What having a red eye in a photo really says about your health: Surprising truth behind the eerie phenomenon

Boy pictured with red eyes

Red eyes can signal the retinas of both eyes are unobstructed and healthy, eye experts say

Adam Chapman

By Adam Chapman

Published: 26/02/2024

- 16:09

Red eyes may look menacing but they can actually be a sign of good health, doctors say

Red eyes may ruin photos but they offer a positive snapshot of your health, experts say.

That's because cameras catch what's happening behind the scenes.

The flash lights up the inside of your eyes and captures the red blood vessels.

As the American Academy of Ophthalmology explains, "a red reflex happens when the flash of a camera lights up the blood-rich retina".

Boy squinting out of pain

Persistent blurred or double vision could signal the eyes are pointing in different directions

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The health body added: "If the eyes are looking directly at the camera lens and the colour of the reflex in both eyes is red, that's usually a good sign the retinas of both eyes are unobstructed and healthy."

Ironically, an absence of red in the eye may spell something is seriously wrong.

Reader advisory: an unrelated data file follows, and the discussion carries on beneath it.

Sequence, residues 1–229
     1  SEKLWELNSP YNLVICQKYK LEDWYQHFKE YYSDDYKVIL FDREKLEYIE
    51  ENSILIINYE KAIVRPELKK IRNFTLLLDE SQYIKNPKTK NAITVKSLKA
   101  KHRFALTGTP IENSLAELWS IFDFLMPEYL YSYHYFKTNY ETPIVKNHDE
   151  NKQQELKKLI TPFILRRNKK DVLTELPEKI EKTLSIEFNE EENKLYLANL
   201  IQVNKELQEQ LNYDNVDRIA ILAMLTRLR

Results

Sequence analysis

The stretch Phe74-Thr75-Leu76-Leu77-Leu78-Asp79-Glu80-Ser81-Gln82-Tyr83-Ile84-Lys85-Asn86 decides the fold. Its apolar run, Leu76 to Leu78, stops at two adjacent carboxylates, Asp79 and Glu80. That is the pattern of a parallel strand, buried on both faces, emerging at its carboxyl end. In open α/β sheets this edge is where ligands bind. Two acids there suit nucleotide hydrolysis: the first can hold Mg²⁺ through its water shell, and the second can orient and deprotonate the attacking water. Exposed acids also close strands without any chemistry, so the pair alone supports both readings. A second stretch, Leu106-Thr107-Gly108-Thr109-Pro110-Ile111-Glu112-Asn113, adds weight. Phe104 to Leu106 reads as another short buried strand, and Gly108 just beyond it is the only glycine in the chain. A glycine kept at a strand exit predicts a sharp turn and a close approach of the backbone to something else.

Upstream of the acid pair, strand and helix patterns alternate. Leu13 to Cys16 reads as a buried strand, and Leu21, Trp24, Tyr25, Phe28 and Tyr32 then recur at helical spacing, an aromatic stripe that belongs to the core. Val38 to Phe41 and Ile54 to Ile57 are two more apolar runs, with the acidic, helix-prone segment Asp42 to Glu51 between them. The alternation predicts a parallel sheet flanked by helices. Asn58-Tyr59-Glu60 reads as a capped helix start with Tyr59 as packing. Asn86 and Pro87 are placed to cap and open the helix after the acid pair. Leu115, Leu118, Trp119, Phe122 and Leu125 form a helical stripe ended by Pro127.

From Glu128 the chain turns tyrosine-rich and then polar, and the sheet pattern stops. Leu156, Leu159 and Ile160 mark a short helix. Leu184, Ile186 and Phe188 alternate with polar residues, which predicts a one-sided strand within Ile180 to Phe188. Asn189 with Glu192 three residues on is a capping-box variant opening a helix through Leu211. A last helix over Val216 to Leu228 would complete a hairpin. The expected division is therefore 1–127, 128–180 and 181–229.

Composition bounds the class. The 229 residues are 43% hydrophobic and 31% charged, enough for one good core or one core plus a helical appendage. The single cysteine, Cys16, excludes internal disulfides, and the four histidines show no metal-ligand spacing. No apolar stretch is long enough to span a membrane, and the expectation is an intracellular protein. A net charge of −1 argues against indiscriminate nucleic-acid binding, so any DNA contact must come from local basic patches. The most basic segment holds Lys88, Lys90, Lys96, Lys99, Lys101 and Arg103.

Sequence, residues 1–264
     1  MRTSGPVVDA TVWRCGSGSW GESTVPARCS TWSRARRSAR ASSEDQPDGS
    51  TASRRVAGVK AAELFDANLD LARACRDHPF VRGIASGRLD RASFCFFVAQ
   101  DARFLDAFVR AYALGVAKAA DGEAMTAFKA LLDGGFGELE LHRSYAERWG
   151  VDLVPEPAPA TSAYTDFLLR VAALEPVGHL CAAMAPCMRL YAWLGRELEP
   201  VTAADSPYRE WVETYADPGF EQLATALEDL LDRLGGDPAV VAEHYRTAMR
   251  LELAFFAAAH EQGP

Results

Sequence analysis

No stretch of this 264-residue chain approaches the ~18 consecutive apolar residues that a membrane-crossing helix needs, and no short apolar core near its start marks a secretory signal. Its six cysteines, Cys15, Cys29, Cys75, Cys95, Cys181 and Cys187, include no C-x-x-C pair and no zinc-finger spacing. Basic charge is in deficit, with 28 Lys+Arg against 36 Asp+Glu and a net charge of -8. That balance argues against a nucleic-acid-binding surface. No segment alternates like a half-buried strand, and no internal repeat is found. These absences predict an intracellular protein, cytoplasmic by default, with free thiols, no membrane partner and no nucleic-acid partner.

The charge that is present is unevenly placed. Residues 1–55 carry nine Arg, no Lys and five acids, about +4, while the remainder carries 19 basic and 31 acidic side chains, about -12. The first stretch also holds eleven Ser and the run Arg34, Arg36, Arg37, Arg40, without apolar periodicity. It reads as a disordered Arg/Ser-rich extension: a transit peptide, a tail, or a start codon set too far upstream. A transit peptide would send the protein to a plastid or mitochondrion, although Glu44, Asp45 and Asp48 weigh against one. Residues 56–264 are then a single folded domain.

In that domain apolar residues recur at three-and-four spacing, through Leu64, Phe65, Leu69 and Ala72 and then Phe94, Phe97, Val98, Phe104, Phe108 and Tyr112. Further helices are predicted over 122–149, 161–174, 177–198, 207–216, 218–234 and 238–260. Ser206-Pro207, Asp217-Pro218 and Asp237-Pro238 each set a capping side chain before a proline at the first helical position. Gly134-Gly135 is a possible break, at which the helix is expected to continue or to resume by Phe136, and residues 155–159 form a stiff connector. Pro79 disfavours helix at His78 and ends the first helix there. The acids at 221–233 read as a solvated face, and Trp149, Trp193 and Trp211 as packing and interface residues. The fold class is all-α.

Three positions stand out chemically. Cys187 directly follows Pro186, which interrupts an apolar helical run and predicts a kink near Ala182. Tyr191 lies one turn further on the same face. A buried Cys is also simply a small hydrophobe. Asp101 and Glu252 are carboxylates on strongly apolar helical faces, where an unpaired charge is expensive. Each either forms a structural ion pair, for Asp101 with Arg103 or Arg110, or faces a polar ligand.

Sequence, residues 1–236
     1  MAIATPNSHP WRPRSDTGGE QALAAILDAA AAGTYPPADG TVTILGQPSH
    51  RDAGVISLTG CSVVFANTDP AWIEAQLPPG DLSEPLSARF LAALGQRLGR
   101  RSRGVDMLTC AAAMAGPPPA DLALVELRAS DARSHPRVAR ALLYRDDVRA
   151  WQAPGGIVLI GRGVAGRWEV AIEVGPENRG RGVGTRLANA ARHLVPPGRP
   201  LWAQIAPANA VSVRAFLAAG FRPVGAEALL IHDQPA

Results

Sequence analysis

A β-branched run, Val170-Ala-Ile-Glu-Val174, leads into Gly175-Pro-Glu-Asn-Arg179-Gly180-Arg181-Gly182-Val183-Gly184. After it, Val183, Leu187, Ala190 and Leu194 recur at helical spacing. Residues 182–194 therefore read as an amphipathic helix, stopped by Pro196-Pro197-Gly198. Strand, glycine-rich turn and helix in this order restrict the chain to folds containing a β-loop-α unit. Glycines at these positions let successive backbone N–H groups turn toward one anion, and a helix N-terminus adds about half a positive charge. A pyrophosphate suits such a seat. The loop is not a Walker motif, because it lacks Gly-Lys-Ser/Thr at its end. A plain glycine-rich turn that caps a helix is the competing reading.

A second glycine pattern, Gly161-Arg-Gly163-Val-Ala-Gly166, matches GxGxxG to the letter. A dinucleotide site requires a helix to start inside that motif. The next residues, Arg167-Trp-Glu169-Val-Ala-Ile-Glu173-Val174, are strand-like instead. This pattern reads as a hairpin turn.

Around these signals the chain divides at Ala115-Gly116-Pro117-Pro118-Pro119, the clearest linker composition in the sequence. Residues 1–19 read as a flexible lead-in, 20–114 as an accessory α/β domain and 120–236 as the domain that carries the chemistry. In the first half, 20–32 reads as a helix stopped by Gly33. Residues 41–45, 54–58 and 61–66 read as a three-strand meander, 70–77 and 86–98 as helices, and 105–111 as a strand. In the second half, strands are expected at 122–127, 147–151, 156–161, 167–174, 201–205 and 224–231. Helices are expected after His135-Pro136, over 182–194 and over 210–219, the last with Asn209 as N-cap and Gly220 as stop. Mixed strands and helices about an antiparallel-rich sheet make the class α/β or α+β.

For instance, cases where one eye is less red than the other — medically termed asymmetrical red reflex — could signal strabismus, a disorder where the eyes point in different directions.

This effect is caused by problems with the muscles that control eyeball movement.

It's important to get act on the warning signs of strabismus as soon as possible as it could lead to further problems if left untreated, such as:

  • Persistent blurred or double vision
  • A lazy eye – where the brain starts to ignore signals coming from the affected eye
  • Embarrassment or low self-esteem
Surgery can help improve the alignment of the eyes even if a squint has been left untreated for a long time, but any vision problems may be permanent if they are not treated at a young age.
Furthermore, purely white eyes can signal a rare type of cancer called retinoblastoma, or eye cancer.
Man getting his eye examined

Pain in one or both eyes can signal a rare type of eye cancer

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Retinoblastoma is a rare type of eye cancer that can affect young children. It affects the retina, which is at the back of the eye.

The main symptom is a white glow or white reflection in the centre of the eye (pupil).

You may be able to see it from just looking at the eye, or you may see it in low light or in photos where a flash has been used.

Other signs include:
  • The eyes pointing in a different direction (squint)
  • The coloured part of the eye (iris) changing colour
  • Swelling around the eye
  • Uncontrolled eye movements
  • Pain in one or both eyes
What's more, a yellow or white pupil can signal Coats’ disease - an abnormality of the blood vessels in the back of the eye.

If Coats’ disease affects the centre of the retina (macula) or leads to total retinal detachment in the affected eye, vision in this eye can be permanently lost.

According to the NHS, Coats’ disease is much more common in males than females.
It is most commonly discovered in children before the age of 10 years, but can present in adulthood too. It is a rare condition, affecting one in 100,000 people.

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